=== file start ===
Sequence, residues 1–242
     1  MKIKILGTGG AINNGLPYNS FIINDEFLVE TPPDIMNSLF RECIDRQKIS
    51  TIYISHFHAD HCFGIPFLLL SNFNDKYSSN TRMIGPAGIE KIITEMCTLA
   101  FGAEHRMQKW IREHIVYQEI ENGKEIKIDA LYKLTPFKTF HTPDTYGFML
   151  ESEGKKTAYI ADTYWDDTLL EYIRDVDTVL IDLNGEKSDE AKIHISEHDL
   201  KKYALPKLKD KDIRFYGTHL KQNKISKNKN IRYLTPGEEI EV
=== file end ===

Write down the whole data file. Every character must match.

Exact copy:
Sequence, residues 1–242
     1  MKIKILGTGG AINNGLPYNS FIINDEFLVE TPPDIMNSLF RECIDRQKIS
    51  TIYISHFHAD HCFGIPFLLL SNFNDKYSSN TRMIGPAGIE KIITEMCTLA
   101  FGAEHRMQKW IREHIVYQEI ENGKEIKIDA LYKLTPFKTF HTPDTYGFML
   151  ESEGKKTAYI ADTYWDDTLL EYIRDVDTVL IDLNGEKSDE AKIHISEHDL
   201  KKYALPKLKD KDIRFYGTHL KQNKISKNKN IRYLTPGEEI EV